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Resisting Reading First: Another Title I Teacher’s Story

October 18, 2010

Sarah Wagner is a reading instructor who worked as a Title I teacher and Reading First coordinator in her district. My deepest thanks to her for sharing her story, and for standing up for the best interests of children.

My mother was a teacher, her mother was a teacher, and my father served on the local school board for 28 years. So growing up, a typical discussion at our dinner table was teacher salary schedule increments. I don’t remember ever wanting to be anything besides a teacher. I graduated from college and got my first job in 1972. I have worked in every grade K-12, and I have served on the local school board. I stayed home with my four daughters for a few years, and I was very involved in their education. I have a Master’s degree in Elementary Education and a reading teacher license in my state.

In 2004, I took a job as a Title I teacher in a district that was implementing Reading First. I was not part of writing the grant, so I came in with no preconceived ideas.  However, I was in on the ground floor of implementation. I spent two years at this building and then went to another building in the district to be a Reading First Coordinator.

I first began to question the effectiveness of the program as we realized that students were not progressing, despite our hard work and adherence to the grant. I saw teachers losing their confidence, because they could tell it wasn’t working. A real tipping point for me was three years into the grant, when we were suddenly told that writing could not be part of the reading block. None of us had ever heard this before, and we were stunned. I tried to placate the teachers with the explanation given in Understanding and Implementing Reading First Initiatives. But “we didn’t have time to get to it” didn’t set well with the teachers, or with me.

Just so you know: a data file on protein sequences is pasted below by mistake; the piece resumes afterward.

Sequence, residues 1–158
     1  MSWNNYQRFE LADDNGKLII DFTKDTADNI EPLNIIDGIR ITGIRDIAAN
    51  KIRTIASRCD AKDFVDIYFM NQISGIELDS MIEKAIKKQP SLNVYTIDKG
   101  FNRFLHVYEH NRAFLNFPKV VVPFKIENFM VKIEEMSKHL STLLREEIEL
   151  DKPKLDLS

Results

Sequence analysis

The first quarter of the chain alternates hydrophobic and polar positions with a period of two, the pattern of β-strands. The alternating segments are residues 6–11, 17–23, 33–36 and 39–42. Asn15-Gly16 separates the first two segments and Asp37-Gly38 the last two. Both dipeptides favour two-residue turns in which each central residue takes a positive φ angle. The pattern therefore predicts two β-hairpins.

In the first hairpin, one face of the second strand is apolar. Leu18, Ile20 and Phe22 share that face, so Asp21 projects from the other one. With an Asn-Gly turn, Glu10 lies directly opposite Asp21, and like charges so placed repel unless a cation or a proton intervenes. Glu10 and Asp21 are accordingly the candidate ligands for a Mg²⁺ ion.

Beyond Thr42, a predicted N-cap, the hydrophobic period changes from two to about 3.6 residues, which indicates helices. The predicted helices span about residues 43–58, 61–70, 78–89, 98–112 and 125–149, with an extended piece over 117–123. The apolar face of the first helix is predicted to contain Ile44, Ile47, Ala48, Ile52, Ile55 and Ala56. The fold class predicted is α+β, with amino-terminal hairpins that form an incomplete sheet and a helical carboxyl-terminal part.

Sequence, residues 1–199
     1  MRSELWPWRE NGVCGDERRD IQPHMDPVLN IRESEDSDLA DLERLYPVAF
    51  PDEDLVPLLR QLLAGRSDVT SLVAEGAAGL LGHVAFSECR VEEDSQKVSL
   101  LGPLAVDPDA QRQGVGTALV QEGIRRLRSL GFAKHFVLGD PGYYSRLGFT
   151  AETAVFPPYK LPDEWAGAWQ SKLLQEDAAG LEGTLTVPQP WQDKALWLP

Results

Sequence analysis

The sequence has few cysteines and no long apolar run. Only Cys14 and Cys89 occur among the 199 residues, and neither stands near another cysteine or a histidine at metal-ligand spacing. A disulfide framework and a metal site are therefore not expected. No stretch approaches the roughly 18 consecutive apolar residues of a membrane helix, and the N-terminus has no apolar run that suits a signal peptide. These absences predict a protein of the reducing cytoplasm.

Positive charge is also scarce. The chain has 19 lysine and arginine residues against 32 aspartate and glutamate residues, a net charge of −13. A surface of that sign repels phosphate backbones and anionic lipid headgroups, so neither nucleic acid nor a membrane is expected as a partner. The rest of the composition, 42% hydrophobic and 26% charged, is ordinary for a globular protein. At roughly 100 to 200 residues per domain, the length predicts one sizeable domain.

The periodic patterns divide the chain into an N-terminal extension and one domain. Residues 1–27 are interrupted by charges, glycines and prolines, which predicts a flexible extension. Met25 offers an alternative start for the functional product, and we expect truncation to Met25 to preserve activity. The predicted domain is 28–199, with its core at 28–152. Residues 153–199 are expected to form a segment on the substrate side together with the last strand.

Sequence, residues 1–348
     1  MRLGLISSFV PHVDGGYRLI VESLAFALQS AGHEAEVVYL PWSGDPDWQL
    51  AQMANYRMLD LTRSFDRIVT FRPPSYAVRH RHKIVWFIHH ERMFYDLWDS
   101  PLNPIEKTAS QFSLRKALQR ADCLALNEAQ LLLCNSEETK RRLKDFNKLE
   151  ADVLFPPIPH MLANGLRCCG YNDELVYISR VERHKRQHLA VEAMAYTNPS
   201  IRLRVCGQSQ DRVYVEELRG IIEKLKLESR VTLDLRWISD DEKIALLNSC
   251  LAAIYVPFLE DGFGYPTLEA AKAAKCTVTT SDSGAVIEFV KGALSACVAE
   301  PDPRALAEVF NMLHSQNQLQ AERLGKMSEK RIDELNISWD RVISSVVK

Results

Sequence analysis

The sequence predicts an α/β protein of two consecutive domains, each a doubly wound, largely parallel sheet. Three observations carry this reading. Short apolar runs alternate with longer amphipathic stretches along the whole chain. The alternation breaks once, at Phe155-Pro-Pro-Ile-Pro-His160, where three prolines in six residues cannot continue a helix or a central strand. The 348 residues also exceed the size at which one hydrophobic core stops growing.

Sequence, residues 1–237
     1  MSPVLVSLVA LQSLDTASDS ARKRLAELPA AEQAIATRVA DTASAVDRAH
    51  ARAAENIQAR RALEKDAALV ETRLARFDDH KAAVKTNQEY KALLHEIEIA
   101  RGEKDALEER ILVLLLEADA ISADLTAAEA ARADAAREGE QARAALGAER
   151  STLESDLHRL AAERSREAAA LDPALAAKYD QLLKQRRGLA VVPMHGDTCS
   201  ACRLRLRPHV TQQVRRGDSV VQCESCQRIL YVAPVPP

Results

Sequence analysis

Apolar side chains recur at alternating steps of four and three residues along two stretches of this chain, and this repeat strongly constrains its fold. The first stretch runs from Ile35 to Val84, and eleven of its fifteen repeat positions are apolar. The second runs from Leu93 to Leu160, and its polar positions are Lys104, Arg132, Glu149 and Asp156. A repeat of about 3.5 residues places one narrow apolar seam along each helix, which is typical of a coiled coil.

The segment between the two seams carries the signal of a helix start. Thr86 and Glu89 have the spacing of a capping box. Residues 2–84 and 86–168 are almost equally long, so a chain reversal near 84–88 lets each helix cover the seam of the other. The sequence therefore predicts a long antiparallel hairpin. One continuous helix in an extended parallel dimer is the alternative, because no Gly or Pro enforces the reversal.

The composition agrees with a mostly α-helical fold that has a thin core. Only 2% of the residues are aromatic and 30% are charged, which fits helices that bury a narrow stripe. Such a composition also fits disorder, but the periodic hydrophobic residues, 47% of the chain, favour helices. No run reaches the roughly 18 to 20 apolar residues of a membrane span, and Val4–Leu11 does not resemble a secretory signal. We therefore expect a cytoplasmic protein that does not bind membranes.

In 2006, our state coordinator quit for no apparent reason. We liked her, and were very sad to see her go. Shortly thereafter, the Chris Doherty scandal broke. I was suspicious that these two events were connected. I started reading everything I could get my hands on. I read books like Elaine Garan’s Resisting Reading Mandates and In Defense of Our Children, Susan Ohanian’s What Happened to Recess and Why Are Our Children Struggling in Kindergarten?, Gerald Cole’s Reading the Naked Truth,  and Frank Smith’s Unspeakable Acts, Unnatural Practices. Our state reading association did an excellent job at bringing in speakers on the subject of Reading First. I heard Richard Allington, Joanne Yatvin, and Elaine Garan. In January 2008, I attended Elaine Garan’s presentation at our reading association convention and felt I now knew enough to start asking some pointed questions of the Reading First people. I had come to the conclusion that the research was faulty, this grant was put together in haste, and more than anything else, it was a way for Bush’s cronies to get rich.

For me, it had become a question of integrity. I was a reading professional, and I had passed on faulty research to teachers who had passed it on to their students. I felt responsible to try to fix the damage that had been done. If we knew the research was faulty, let’s fix it. I had this notion that I was working in a profession that thrived on the exchange of ideas and the willingness to say, “This isn’t working, what should we do instead?”